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Deaf community gets free crisis hotline of its own

November 16, 2016
By Andrew Greenman, '10


This press release was issued by Crisis Text Line. To view the Crisis Text Line story published by University Communications in June 2016, click here.

NEW YORK – November 14, 2016 -​ ​Crisis Text Line​, a free, 24/7 text-messaging support line for people in crisis, announces the launch of a partnership with Gallaudet University and the Deaf community. Starting today, Deaf people will be able to text the word DEAF to 741741 and be connected with a Crisis Counselor.

“The efforts by Crisis Text Line to ensure that their services are accessible to and appropriate for the deaf community is commendable,” said ​Gallaudet University President Roberta J. Cordano​. “Historically, deaf people in need of mental health and emergency/crisis services have had to deal with the additional stress and frustration of finding accessible services. Technology has helped in this manner, but it is also important that mental health and emergency/crisis services staff members are properly trained in working with deaf and hard of hearing clients. I am pleased that Gallaudet staff and students are involved in this critical work.”

Many studies show that Deaf people confront mental and behavioral health issues at significantly higher rates than the hearing population. For example, the American Psychological Association reports higher rates of depression and anxiety in the Deaf community, and notes that this population has limited access to appropriate mental health care.

About a year ago, Crisis Text Line noticed that it was receiving texts from many deaf people–and the data was disturbing. Texters self-identifying as deaf are nearly twice as likely to mention depression and nearly twice as likely to mention suicide.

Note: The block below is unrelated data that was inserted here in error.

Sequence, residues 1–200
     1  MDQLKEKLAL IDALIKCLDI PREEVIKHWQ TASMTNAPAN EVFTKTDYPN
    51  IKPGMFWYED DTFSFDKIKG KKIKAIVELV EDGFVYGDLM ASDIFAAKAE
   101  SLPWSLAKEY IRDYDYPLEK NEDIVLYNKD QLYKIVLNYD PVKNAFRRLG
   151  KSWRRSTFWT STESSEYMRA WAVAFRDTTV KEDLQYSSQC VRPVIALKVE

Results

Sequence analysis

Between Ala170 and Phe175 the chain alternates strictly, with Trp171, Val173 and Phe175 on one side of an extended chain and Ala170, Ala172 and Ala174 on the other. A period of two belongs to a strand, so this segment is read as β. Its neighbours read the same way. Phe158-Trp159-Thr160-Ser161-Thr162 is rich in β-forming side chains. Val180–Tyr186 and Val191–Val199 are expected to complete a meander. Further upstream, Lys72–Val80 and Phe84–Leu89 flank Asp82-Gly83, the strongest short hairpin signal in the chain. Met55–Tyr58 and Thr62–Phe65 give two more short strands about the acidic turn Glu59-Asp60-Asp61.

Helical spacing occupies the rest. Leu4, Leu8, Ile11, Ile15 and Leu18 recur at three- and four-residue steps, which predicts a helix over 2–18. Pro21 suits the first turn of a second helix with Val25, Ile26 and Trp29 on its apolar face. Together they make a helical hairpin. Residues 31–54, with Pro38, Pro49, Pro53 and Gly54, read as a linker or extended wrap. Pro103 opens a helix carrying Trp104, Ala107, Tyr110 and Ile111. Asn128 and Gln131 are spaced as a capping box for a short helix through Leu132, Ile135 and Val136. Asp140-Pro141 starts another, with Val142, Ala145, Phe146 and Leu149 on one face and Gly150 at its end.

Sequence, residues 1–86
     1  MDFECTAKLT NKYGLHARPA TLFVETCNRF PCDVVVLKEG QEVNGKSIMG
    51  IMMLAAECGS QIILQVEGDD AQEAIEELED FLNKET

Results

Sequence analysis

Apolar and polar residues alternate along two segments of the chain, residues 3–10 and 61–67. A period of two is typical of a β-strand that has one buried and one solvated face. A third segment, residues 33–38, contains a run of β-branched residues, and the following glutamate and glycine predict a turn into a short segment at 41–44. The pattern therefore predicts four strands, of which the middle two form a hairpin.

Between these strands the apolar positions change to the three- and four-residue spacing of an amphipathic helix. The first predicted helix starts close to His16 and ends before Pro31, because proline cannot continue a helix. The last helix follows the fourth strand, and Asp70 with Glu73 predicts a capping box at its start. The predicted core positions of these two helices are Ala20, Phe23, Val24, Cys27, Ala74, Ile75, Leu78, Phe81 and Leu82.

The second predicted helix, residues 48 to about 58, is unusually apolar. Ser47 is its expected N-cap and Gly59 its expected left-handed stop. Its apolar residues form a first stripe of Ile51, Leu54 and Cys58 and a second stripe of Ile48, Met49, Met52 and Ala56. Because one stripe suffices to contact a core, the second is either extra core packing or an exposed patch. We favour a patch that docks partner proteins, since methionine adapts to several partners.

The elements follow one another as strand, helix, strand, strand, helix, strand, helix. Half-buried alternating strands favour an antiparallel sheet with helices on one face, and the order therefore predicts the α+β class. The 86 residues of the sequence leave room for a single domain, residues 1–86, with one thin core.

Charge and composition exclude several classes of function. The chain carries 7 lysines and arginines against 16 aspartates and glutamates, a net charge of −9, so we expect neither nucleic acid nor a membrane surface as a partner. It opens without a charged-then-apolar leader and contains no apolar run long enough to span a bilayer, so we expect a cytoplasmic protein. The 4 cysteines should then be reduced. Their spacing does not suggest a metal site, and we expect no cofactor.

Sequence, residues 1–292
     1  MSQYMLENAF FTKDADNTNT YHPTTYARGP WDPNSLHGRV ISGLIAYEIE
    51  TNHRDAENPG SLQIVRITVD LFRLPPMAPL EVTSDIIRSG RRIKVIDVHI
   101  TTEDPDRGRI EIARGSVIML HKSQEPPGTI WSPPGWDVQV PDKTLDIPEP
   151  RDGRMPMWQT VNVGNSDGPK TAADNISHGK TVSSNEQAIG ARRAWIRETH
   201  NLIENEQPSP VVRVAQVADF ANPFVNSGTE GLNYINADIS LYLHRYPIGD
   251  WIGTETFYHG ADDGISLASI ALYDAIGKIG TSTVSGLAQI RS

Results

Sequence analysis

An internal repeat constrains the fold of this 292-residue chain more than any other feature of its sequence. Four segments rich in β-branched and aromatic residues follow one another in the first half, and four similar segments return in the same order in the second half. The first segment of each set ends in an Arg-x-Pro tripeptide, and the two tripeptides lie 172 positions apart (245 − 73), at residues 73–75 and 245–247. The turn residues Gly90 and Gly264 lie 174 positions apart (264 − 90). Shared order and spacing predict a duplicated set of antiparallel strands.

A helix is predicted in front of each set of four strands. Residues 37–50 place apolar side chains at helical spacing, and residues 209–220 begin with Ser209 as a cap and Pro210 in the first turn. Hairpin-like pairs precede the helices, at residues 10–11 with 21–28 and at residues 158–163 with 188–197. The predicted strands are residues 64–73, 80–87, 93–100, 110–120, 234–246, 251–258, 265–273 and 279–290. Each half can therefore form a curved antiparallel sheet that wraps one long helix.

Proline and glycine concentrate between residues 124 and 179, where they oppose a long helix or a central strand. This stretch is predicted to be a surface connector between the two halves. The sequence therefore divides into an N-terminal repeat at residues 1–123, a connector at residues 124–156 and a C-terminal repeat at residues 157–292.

Crisis Text Line noticed another phenomenon–more than a dozen Deaf people had applied and successfully become Crisis Counselors. The organization notes that only 39% of people who apply to be Crisis Counselors are accepted and successfully complete the training.

“We’re thrilled to welcome deaf texters,” said ​Nancy Lublin, Founder & CEO of Crisis Text Line​. “And we’re fiercely proud to have so many deaf people in the role of hero, thriving as Crisis Counselors who help other people navigate pain.”

Crisis Text Line has approached its work with the Deaf with both its texters and its Crisis Counselors in mind by seeking advice from experts. An Advisory Committee was formed and two members of the community were hired to advise the organization. California State University – Northridge has also advised on the keyword launch and will be participating in marketing the service. Steps were taken to make the volunteer training more accessible. Training content on cultural competency with Deaf and hard of hearing texters was developed and made available to all Crisis Counselors.

Most recently, the organization hired its first full-time Deaf staff member, Tiffany Bridgett. In addition to leading Crisis Text Line’s Deaf and hard of hearing outreach, Bridgett will be a Crisis Counselor Supervisor. Bridgett is a clinical psychology Ph.D. student at Gallaudet University, and volunteered for Crisis Text Line for eight months before being hired.

Gallaudet University, federally chartered in 1864, is a bilingual, diverse, multicultural institution of higher education that ensures the intellectual and professional advancement of deaf and hard of hearing individuals through American Sign Language and English. Gallaudet maintains a proud tradition of research and scholarly activity and prepares its graduates for career opportunities in a highly competitive, technological, and rapidly changing world.

Crisis Text Line is help at your fingertips, 24/7, for free, and anonymous.

16 November 2016
By Andrew Greenman, '10


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Andrew Greenman, '10

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